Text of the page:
Tag Archives: miserable marriages

The Bogeyman: Margaret Forster

“Another twenty years and with luck we’ll be dead. We’ve got through twenty already, what’s another twenty?”

Margaret Forster’s The Bogeyman is a look at the ghastly life of a London family. It’s the 60s. Father Jack is a much-feared and loathed schoolmaster, while wife Edith stays at home in their disastrous home which is appropriately placed next to an asylum. They have three children: teenagers Justin, Natalie and new baby Sebastian. The book opens with the arrival of 18-year-old German au-pair Christina, who is supposed to be the answer to all the family’s problems. Edith hasn’t been coping since the birth of Sebastian, but the problems are far deeper-rooted than just postpartum depression. Jack is a unhappy man who feels trapped by his family; he hates his job and his students, and his hatred for his family is on the point of exploding. Natalie and Justin loathe their parents in different ways, and although they sense their father’s violence right under the surface, nonetheless they both live to goad him.

Christina, in her pictures, looked plain but wholesome. In reality, she is striking, and so for a while, The Bogeyman seemed destined to take us to some familiar territory, but while Christina does act as a catalyst for the events that take place, the problems within the family leave Christina as a silent spectator more than an active participant.

Like rats in a trap, the family members gnaw on each other mercilessly, with poor Edith at the bottom of the totem pole. Christina’s presence means that the house is tidy, the baby fed and the meals cooked, and that leaves Edith free. But free to do what?

When, after several weeks of bone idleness, the time began to drag just a little, she decided to do something about it. At ten thirty, she picked up the Daily Telegraph and a pencil in a determined fashion. She was going to write down all the important topics she didn’t know anything about and after asking Jack to give her a background, she would follow them through each day. She wrote down AFRICA. Africa was very important, she didn’t need telling.

But Edith’s plans don’t work out.

Without potatoes to peel and beds to make she was nothing. She wasn’t discovering a new self, smothered all these years. She was laying bare what was merely a scaffolding.

One of the consequences of Christina’s presence is that Jack decides to take Edith to the pictures. He immediately regrets his decision. Edith is delighted about this rare night out, and he is “appalled” at her “transparent naivete” and excitement. This of course gives him ample opportunities for casual cruelty.

While the marriage is toxic, Jack’s relationships with his children are vile. Jack hopes Natalie commits a crime so she’ll be “packed[ed] off to Borstal.” Natalie and Justin despise their parents. Justin thinks his mother is “practically illiterate,” and takes his hatred of his father to the classroom. Natalie leaves large bottles of aspirin around the house, hoping that her parents commit suicide. Every single interaction is an opportunity for abuse. Verbal, emotional and physical. The book was published in 1965, and society’s attitude towards child abuse has changed.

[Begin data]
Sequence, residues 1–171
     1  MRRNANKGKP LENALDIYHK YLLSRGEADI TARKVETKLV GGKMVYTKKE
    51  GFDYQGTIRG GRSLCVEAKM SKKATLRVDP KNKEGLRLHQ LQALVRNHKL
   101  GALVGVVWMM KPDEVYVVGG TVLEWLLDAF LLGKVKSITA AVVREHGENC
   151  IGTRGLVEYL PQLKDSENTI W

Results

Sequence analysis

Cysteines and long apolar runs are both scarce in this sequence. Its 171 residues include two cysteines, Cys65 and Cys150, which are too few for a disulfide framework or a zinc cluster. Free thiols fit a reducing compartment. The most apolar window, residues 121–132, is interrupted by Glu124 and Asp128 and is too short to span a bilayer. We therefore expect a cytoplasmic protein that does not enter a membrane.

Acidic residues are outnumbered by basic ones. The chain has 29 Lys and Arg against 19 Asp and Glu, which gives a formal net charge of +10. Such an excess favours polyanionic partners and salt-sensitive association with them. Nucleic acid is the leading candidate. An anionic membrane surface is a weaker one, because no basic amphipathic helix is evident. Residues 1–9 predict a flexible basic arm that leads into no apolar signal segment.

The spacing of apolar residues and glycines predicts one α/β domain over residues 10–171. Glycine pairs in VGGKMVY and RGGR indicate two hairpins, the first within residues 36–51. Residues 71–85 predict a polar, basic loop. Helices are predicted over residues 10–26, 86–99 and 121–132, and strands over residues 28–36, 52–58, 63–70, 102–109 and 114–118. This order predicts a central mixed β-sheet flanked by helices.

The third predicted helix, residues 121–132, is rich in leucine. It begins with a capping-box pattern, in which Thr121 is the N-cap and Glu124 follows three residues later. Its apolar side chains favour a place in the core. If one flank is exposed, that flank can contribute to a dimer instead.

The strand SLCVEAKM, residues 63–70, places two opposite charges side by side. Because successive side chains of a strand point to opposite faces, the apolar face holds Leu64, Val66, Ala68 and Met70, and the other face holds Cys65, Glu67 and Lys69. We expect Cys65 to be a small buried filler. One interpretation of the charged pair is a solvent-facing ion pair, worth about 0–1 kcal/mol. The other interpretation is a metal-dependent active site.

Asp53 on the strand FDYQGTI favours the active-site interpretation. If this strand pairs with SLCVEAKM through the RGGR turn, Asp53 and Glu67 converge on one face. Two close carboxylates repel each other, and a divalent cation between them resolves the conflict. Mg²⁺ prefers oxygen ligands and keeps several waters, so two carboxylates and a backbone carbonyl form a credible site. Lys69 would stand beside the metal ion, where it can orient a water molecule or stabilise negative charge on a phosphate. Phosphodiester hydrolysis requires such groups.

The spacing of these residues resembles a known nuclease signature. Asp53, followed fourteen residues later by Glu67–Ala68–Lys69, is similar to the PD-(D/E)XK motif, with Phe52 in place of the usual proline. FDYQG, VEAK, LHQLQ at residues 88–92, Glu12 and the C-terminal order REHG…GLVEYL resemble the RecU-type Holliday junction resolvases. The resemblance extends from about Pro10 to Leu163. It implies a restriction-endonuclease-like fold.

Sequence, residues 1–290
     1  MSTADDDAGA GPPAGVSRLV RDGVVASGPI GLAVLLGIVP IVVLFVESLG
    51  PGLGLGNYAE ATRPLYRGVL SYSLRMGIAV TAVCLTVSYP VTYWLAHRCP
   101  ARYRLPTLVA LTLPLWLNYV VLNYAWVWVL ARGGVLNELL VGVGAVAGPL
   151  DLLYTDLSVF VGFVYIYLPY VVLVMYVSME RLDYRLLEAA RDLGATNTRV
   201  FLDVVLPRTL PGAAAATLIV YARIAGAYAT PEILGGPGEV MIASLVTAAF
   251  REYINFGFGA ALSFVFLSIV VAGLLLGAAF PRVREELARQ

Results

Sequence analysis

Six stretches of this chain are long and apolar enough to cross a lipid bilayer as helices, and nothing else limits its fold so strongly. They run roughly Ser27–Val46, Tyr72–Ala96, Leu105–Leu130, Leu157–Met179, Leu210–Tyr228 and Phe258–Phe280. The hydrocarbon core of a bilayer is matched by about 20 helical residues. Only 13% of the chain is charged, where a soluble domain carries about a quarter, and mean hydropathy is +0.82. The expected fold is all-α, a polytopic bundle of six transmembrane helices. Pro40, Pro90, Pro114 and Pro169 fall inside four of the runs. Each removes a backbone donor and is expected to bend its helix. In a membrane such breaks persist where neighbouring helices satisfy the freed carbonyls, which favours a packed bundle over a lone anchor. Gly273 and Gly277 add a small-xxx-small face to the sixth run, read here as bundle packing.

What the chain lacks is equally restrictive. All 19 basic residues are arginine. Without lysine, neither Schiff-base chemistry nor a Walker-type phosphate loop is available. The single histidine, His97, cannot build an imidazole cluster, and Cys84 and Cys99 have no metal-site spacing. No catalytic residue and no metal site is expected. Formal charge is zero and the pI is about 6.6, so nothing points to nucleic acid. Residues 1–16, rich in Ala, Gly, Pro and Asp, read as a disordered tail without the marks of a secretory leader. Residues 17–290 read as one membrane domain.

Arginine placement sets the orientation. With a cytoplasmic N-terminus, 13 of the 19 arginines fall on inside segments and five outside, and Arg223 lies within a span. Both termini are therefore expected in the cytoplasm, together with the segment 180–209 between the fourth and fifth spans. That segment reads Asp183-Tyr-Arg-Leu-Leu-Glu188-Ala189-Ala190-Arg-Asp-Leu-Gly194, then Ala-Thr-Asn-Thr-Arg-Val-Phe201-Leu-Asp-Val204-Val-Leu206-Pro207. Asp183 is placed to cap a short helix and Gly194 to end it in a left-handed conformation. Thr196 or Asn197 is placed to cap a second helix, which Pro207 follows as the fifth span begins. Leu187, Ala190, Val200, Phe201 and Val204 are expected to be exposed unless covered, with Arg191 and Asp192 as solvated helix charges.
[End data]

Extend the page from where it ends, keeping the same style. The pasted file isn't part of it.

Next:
“Where did you get that watch?” asked Edith suddenly.

As Natalie had stretched out her dirty hand for a cake, the thin gold chain and small, diamond shaped clock face stood out. “Use your brains, if you’ve got any,” said Natalie nonchalantly.

You didn’t buy it?” asked Edith.

“Don’t be funny. How could I buy anything on what scrooge here doles out.”

“Who gave it to you and why?” said Jack sharply.

Natalie ate her cake, eyeing them both with pleasure. They were leaning forward, tense and waiting. She toyed with answers. “I got it from a sailor,” she said, “for services rendered.”

This is an odd book. Parts of it are brilliant. I especially loved how Edith morphs into Mrs Jellyby, but apart from that it’s not easy to read at times due to the sheer hatred that is lobbed back and forth between the family members. We never know what poor Christina thinks. She is not a developed character–she’s a blank–and it’s hard to understand why she stays in a house where Natalie shouts orders to her mother to “shove your tit” in the baby’s mouth, and subsequently calls the new au pair a “foreign slut” echoing her father’s sentiment against hiring her in the first place. Jack is the toxic villain here, a frustrated, unhappy man who takes out his misery on his family. Marriages can rot to the extent that the greatest joy resides in making each other miserable, but in this case, Edith is the sponge and the children are active participants manufacturing mayhem and misery. There are times when the teens realise that their mother is a buffer, and a victim too, but she can’t protect them; she’s made her own escape. In this toxic environment, everyone is damaged. It’s profoundly sad and the ending is problematic.



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Stoner: John Williams (1965)

These days the word Stoner has a certain connotation, but William Stoner, the protagonist in John Williams’ novel is a staid, dare I say it … plodder. Playing my alternate title game with this book, it would be Downer.